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Featuring consumer information from Columbia School of Dental & Oral Surgery
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Oral Health Made Simple: Your Prescription For Knowledge
 PREVENT PROBLEMS
Small BoxAll About Cavities
Small BoxBrushing and Flossing
Small BoxFluoride
Small BoxMouth-Healthy Eating
Small BoxSealants
Small BoxTaking Care of Your Teeth
Small BoxTobacco
Small BoxYour Dental Visit
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 CONDITIONS
Small BoxBad Breath
Small BoxCavities
Small BoxCold Sores
Small BoxDry Mouth
Small BoxImpacted Tooth
Small BoxSensitive Teeth
Small BoxTMJ
Small BoxTooth Discoloration
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 TREATMENTS
Small BoxCrowns
Small BoxDentures
Small BoxFillings: The Basics
Small BoxGum Surgery
Small BoxImplants
Small BoxRoot Canal Treatment
Small BoxScaling and Root Planing
Small BoxWhitening
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 GENERAL TOPICS
Small BoxControlling Pain
Small BoxCosmetic Dentistry
Small BoxEmergencies
Small BoxFill, Repair, Replace
Small BoxKids And Teens
Small BoxOral Health and Your Body
Small BoxOrthodontics
Small BoxPeriodontics
Small BoxSeniors
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Step 1 Prevent ProblemsSimplestepsPrevent Problems
Step 2 Understand ConditionsSimplestepsUnderstand Conditions
Step 3 Explore TreatmentsSimplestepsExplore Treatments

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X-Rays for Children

X-rays, also called radiographs, are a valuable diagnostic tool. X-rays help the dentist to

  • See how your child's teeth are erupting (coming into the mouth)
  • See the number, size and position of teeth that are still inside the gums
  • Find out whether there are missing teeth or extra teeth
  • Monitor mouth and teeth injuries
  • Determine whether the teeth or mouth are infected
  • Prepare for braces and other orthodontic treatment
  • Detect problems that can't be seen with a visual exam
  • Identify bone diseases

There is no standard timetable for when your child's mouth should be X-rayed. The need varies with the child's development and dental health. If your child has had many cavities and fillings or has a high risk of tooth decay, your dentist might suggest X-rays every six months. This may continue until the problem is under control. Whether X-rays are needed also depends on how well the child brushes and flosses, and the child's diet.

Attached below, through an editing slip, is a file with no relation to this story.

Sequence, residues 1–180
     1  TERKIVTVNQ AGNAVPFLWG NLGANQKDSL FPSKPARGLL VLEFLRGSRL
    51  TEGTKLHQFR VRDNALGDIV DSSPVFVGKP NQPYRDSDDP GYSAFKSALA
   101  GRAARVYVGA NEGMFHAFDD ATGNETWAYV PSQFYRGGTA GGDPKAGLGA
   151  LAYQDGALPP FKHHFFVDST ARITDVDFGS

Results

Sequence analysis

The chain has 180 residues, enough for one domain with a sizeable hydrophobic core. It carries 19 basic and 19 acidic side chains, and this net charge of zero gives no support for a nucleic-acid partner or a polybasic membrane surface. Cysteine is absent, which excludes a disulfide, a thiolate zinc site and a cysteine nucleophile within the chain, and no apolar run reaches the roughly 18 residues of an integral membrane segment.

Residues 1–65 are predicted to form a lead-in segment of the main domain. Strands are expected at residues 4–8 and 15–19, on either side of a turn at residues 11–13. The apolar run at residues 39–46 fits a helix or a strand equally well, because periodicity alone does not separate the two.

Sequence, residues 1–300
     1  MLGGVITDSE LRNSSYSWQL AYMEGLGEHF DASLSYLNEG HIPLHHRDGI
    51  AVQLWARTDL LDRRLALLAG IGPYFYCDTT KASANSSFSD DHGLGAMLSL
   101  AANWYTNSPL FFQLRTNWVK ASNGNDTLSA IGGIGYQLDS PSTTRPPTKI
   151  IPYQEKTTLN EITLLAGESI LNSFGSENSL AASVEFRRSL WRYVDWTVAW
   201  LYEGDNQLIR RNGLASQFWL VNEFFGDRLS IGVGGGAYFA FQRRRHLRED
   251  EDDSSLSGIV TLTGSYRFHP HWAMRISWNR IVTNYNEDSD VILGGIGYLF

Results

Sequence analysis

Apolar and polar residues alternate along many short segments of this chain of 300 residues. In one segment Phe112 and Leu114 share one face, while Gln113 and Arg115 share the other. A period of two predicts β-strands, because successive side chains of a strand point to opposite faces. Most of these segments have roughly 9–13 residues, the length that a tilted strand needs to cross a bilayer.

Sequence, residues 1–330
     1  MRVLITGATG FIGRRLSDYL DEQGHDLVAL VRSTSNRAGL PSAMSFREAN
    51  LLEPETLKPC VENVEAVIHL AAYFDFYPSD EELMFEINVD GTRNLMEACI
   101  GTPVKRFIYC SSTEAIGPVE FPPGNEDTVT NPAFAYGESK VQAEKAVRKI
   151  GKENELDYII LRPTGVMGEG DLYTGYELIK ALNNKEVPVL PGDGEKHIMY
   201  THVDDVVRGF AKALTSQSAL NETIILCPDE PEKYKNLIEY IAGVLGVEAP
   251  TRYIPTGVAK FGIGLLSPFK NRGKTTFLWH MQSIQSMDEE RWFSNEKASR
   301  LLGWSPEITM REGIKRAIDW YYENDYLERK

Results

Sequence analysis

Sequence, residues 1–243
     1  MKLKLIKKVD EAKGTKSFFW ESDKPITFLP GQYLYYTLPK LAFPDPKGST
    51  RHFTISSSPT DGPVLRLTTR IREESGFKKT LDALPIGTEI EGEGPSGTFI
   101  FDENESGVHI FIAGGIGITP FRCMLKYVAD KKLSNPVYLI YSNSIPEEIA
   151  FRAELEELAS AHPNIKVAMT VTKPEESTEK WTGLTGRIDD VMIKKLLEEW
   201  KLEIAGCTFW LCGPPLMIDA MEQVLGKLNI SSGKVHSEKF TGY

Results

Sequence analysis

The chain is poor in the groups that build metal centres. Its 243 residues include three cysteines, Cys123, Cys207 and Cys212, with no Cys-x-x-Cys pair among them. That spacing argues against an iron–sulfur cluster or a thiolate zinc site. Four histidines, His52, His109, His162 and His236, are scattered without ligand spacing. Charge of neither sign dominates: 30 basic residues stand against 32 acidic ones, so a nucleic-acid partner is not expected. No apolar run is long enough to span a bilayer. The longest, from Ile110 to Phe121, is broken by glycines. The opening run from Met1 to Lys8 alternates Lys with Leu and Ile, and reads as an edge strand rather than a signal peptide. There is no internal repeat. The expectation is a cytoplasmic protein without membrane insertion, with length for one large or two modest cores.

Other children may not need X-rays taken as often. If X-rays aren't taken when they are needed, problems can become worse.

There are five types of X-rays your dentist may use for your child, depending on the goal:

  • Bitewing X-rays (also called cavity-detecting X-rays) — These X-rays are used to view the areas between teeth that cannot be seen directly. They show where cavities are starting. These X-rays are needed only after the teeth in the back of the mouth are contacting each other. In some children, this doesn't happen until the first permanent molar (also called the 6-year molar) has erupted.


  • Periapical X-rays — These are used to view the entire crowns and roots of one, two or three adjacent teeth. The X-rays also will show the supporting bone structure of the teeth. This type of X-ray lets the dentist see a child's permanent teeth growing below the baby teeth. It also is used to look for abscesses and gum disease.


  • Panoramic X-rays — These X-rays are used to view all of the teeth on one film. They also show the upper and lower jaws, the temporomandibular joints (TMJs) and the sinuses above the upper teeth. They are often used if a child has hurt his or her face, has orthodontic problems, or is mentally or physically disabled. Panoramic X-rays, unlike other types, do not require a film to be put in the child's mouth. This is helpful for children who gag easily or who have small mouths. This X-ray has to be exposed for 12 to 18 seconds. The patient must be able to sit still for that whole time.


  • Occlusal X-rays — These are used to view most of the upper or lower teeth on one film. This is useful when the dentist does not have a panoramic X-ray machine.


  • Orthodontic X-rays (also called cephalometric or lateral skull) — This type of X-ray shows the head from the side. It is used to evaluate growth of the jaws and the relationship of bones in the skull. It helps an orthodontist make an accurate diagnosis and develop a treatment plan.

Dental X-rays are very safe and expose your child to a minimal amount of radiation. When all standard safety precautions are taken, today's X-ray equipment is able to eliminate unnecessary radiation and allows the dentist to focus the X-ray beam on a specific part of the mouth. High-speed film enables the dentist to reduce the amount of radiation the patient receives. A lead body apron or shield should be used to protect the genital/reproductive area and the thyroid gland.

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  See Also . . .
Graphic for Tooth Eruption showing an infant's headYour Child's Age 1 Visit
Your Child's Mouth
Repairing Children's Teeth
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